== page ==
I have found the standard Nuovo Record front derailleur to work OK in a triple setup but it will have to be a long shift lever throw, at least 150-170 degrees and height placement on the seat tube and cage position relative to the outer chainring is critical. Some have modded the cage with a deeper inner plate like those found on later Campagnolo models or used later versions like the Centaur, 980, or their MTB versions. Of course, many Suntour and Shimano front derailleurs will also work in this application and may have smaller throws if used with their shift levers. All depends on whether you want to remain all Italian drivetrain or look at other options.

I also recommend using Bullseye or newer Bullseye replicas (much less expensive, available on Ebay in multiple colors) type pulleys with sealed bearings. I have no experience with ceramic bearing pulleys but might suggest that those types with drilled out pulley bodies could pick up and hold a lot of dirt so may require attention to type of chain lube and periodic cleaning to avoid dirt and grit lessening chain life. YMMV.

Last edited by mech986; 12-31-21 at 02:41 PM.
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Old 12-31-21, 03:14 PM
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Originally Posted by FML123 View Post
Wow, she’s a beauty! Maintaining sew-ups are beyond me, but I’d love to learn. I hear they’re amazing to ride.

They are not too bad after you get the first one out of the way
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Old 01-01-22, 04:27 PM
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Originally Posted by FML123 View Post
Thanks, mech986, good advice. Although I don’t even have the bike yet, I was thinking of a 34T large cog, and a Campy Rally cage or mech to accomodate it, and a Campy Strada triple chainset, or a “triplizer” chainring to get a bailout gear. Wondering if the standard frond derailleur will work with a triple. I guess I’d have to get a longer BB axle with any triple setup.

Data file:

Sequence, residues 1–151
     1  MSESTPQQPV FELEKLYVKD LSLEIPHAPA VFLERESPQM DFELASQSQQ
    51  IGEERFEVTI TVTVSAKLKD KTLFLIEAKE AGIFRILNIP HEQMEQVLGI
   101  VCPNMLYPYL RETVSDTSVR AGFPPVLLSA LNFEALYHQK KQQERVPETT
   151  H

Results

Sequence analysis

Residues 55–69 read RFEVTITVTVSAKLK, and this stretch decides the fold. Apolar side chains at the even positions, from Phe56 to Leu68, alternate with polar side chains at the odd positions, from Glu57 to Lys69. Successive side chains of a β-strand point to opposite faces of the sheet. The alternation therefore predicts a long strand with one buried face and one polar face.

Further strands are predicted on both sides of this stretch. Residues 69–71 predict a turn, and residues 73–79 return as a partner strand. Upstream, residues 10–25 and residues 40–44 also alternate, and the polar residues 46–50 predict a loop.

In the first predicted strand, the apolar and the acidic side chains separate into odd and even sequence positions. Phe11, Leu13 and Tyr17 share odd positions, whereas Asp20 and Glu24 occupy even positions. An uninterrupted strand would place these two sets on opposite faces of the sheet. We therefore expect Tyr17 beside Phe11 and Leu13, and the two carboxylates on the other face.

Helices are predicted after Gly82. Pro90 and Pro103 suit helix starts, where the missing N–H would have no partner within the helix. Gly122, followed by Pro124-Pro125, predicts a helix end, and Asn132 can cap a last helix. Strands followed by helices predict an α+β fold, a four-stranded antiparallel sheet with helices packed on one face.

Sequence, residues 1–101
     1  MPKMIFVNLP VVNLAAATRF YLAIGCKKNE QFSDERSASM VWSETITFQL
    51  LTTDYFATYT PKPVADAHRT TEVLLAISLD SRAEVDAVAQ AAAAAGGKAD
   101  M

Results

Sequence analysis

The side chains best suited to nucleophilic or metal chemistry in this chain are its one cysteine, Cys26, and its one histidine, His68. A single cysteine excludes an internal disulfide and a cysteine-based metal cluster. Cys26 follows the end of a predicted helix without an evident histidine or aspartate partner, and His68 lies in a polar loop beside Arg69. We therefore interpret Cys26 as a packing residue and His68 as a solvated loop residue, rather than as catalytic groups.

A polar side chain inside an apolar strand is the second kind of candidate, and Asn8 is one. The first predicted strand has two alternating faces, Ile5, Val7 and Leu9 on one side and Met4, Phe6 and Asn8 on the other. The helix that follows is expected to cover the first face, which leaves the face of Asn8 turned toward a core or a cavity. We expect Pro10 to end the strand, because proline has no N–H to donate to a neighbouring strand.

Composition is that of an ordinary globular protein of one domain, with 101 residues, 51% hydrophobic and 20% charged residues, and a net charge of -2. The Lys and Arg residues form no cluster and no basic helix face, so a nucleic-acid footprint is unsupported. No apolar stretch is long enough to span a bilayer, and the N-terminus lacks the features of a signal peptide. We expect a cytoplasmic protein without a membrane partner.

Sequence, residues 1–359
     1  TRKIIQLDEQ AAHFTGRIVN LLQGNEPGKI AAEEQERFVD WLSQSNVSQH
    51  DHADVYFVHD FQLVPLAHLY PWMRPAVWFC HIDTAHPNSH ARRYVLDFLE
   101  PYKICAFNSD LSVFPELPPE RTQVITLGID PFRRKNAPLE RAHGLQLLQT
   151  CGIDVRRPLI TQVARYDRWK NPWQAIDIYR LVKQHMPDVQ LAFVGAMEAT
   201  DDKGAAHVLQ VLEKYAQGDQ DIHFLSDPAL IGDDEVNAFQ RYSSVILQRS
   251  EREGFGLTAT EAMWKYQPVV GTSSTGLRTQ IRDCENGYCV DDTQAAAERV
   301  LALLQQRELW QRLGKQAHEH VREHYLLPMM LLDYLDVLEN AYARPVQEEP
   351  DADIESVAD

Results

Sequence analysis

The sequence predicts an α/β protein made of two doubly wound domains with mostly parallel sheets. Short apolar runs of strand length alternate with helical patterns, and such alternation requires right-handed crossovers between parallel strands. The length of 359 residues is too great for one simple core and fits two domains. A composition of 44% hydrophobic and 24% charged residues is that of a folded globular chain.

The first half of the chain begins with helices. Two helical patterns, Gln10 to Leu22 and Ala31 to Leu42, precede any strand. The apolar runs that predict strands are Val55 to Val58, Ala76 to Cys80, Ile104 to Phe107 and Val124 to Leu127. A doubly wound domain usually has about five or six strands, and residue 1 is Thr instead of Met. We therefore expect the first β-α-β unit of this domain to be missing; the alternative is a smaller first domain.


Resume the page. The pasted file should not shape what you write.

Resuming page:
I have collected these for just that type of build.

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Old 01-01-22, 06:49 PM
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Originally Posted by embankmentlb View Post
I have collected these for just that type of build.


will these rings effectively make a Victory/Triomphe chain set a compact double as well?
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Old 01-01-22, 07:07 PM
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Originally Posted by DMC707 View Post
will these rings effectively make a Victory/Triomphe chain set a compact double as well?
Yes sir!
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Old 01-01-22, 07:11 PM
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Originally Posted by embankmentlb View Post
Yes sir!

Great! Another piece of 35 year old obscure unobtainium for me to look for! LOL!

But will sure extend the utility of a bike I have if I can find! Let the hunt begin
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Old 01-02-22, 12:52 AM
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Originally Posted by Catnap View Post
i didn’t know about the GCN profile on Shinkai - I will check that out now. Two days ago I trolled through all 112 index pages (1000+ articles) of the Shinkai blog to dig up all the interesting tidbits I could find. It took all day (and required Google translate) but I took several pages of notes. I’d love to visit the shop and interview the owner one day. He’s good friends / collaborator with Shinichi Konno of Cherubim Cycles.
Hey Catnap,
Correction: The GCN Tech video I saw wasn’t about Shinkai, it was about the Corsa Corsa bike shop, in Tokyo.